Food trucks and Snake Lake

A week ago Saturday, having read about something that sounded fun, I headed off to Cheney Stadium, home of the local farm team (the Tacoma Rainiers, part of the Seattle Mariners), to my first-ever food truck event. I paid my parking fee and strolled in.

I’d never been inside a baseball stadium before (I’m a football fan — baseball never did much for me), let alone out on the field. I think that was at least half the charm. A band was playing on a stage set up in the outfield, and the food trucks were strung out like beads on a string around the edge of the field. People strolled around and lolled on the grass and sat in the bleachers, their hands full of food. It all smelled wonderful.

I wound up with the best (and biggest) gyro I’ve ever eaten, and a dish of self-serve (pay by the ounce) frozen yogurt, but while the food was good, the ambiance was just plain fun.

After a while, I decided I needed to walk off my rather large lunch, so I went across the street to the Tacoma Nature Center at Snake Lake. Now, understand, the reason it’s called Snake Lake is its shape, not its inhabitants. I’ve walked there any number of times, and I’ve never seen a snake there.

Self-evident.

It’s quite the amazing little place to find in the heart of a city the size of Tacoma. The trail is two miles round trip, and tunnels through untamed woods where animals have a chance to hide from all the development.

The trail, outbound.  This always makes me think of where Frodo and company hid from the Black Riders in the first LotR movie.
The trail, outbound. This always makes me think of where Frodo and company hid from the Black Riders in the first LotR movie.
Most of Snake Lake is hidden under vegetation, which is better for the wildlife.
Most of Snake Lake is hidden under vegetation, which is better for the wildlife.

One end does butt up against the U.S. 16 freeway, but the noise sounds more like wind through the trees than anything else, and the perspective is — different.

An interesting perspective on the freeway.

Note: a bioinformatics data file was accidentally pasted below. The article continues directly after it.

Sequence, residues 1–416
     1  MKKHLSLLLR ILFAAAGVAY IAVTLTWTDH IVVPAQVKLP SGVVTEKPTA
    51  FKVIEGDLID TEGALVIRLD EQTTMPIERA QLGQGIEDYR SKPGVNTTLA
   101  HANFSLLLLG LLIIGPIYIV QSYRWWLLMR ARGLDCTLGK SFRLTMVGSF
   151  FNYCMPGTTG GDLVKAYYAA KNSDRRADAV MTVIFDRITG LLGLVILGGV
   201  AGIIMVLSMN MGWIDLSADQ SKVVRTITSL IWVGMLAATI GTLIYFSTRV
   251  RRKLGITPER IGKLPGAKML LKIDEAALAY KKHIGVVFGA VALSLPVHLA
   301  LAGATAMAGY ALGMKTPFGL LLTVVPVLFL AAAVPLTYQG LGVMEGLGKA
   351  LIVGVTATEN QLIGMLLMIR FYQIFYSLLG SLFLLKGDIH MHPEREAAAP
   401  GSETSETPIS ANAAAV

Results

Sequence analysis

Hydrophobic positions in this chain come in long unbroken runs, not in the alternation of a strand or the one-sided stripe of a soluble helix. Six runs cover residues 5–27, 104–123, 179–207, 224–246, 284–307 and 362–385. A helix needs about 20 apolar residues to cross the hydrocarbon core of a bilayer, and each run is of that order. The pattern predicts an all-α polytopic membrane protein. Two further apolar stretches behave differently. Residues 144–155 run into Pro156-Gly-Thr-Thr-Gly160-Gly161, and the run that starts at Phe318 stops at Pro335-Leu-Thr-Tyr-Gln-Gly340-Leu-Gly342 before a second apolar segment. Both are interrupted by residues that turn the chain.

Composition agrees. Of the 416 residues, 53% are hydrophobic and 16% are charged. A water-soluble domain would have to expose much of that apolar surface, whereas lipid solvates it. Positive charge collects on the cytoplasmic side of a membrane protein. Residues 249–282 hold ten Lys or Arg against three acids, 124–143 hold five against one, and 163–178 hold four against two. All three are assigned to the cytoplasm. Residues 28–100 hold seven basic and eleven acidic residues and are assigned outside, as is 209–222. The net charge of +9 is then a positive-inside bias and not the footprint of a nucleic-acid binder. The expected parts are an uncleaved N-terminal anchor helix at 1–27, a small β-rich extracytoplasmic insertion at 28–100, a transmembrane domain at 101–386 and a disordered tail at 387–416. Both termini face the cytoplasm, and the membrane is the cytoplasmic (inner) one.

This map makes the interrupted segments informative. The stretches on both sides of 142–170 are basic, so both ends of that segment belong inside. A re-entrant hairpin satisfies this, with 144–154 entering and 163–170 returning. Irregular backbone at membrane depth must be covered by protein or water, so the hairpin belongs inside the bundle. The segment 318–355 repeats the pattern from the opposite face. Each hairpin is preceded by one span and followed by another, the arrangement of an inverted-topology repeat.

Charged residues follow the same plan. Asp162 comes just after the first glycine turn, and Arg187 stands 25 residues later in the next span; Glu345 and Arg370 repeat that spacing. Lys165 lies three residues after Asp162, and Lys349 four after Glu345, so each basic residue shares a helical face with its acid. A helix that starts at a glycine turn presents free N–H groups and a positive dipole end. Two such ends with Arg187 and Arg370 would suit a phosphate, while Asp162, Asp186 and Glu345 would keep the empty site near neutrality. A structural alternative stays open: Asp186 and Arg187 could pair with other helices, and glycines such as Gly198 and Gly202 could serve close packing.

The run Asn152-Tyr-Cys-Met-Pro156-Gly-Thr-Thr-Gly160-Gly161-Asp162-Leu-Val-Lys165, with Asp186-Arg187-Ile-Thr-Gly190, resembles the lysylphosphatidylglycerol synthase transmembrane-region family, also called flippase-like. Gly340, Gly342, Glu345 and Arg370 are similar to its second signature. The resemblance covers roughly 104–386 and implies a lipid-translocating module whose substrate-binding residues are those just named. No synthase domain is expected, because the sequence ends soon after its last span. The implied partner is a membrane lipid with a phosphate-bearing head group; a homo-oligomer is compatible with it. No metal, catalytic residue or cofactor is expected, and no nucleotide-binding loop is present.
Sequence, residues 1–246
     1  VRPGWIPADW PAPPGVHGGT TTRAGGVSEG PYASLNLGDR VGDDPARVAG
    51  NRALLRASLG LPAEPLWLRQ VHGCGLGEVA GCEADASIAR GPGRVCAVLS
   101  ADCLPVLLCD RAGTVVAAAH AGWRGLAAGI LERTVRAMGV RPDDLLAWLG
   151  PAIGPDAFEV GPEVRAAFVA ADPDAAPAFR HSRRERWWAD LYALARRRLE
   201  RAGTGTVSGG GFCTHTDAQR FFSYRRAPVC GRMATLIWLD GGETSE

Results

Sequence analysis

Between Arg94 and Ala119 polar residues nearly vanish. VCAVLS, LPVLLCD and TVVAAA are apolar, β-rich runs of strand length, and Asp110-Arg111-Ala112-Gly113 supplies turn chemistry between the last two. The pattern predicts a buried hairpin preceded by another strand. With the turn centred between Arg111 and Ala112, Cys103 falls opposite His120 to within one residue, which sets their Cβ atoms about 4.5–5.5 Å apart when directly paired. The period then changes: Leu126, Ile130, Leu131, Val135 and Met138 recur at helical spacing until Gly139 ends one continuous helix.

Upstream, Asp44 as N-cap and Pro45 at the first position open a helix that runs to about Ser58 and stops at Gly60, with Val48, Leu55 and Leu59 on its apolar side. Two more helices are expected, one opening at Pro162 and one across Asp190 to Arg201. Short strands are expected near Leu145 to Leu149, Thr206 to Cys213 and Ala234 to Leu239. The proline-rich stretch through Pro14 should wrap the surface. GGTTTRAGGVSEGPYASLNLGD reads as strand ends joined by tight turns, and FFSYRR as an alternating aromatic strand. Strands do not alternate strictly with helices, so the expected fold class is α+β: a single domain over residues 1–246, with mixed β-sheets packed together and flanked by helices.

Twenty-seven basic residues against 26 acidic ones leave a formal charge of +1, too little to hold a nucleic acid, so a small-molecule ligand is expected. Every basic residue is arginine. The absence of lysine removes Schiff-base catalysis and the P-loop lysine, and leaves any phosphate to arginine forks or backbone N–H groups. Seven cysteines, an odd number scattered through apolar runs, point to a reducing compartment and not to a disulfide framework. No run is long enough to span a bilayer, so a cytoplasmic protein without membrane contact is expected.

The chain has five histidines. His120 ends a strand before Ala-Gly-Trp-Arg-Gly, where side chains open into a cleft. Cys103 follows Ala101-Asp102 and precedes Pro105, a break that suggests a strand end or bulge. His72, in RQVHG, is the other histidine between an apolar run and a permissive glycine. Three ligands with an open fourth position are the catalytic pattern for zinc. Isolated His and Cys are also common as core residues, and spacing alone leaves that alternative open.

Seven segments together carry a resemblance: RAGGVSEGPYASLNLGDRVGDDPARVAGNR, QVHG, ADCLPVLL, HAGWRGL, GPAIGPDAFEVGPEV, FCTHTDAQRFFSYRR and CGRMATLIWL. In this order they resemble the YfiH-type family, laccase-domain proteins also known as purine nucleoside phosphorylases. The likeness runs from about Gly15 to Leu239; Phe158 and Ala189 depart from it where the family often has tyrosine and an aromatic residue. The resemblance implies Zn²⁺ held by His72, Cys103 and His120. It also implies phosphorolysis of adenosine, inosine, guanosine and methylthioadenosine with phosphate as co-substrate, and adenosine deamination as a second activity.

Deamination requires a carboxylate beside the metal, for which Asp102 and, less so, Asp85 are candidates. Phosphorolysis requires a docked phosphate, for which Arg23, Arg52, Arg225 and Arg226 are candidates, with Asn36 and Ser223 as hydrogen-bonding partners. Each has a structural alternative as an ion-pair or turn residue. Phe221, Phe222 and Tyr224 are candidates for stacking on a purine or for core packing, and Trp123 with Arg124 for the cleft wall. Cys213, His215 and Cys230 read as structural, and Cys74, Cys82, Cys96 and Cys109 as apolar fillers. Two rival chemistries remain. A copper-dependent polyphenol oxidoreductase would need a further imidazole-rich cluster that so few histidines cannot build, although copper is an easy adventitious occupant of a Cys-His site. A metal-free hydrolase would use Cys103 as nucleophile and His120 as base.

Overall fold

An interesting perspective on the freeway.
Sorry about the lack of focus on the trail sign.
Sorry about the lack of focus on the trail sign.
The bridge at the freeway end of the trail.
The bridge at the freeway end of the trail.
Another view of hidden Snake Lake.
Another view of hidden Snake Lake.

And on the uphill side on the way back, common plants like salal make carpets on the ground, and not-so-common plants like madrona shed their bark to show russet-colored wood.

The trail back on the uphill side.
The trail back on the uphill side.
Salal.  When my uncle was a young man growing up in Oregon, he used to pick salal and sell it to local florists as filler for bouquets.
Salal. When my uncle was a young man growing up in Oregon, he used to pick salal and sell it to local florists as filler for bouquets.
Madrona peeling its bark in an artistic manner, next to a Douglas fir.
Madrona peeling its bark in an artistic manner, next to a Douglas fir.

The list of plants and animals found here is quite extensive, considering how close people press in all around this park. And it’s a great place to walk on a hot day, because the trail is almost completely in the shade!

It's amazing what lives and thrives in this little oasis in the heart of the city.
It’s amazing what lives and thrives in this little oasis in the heart of the city.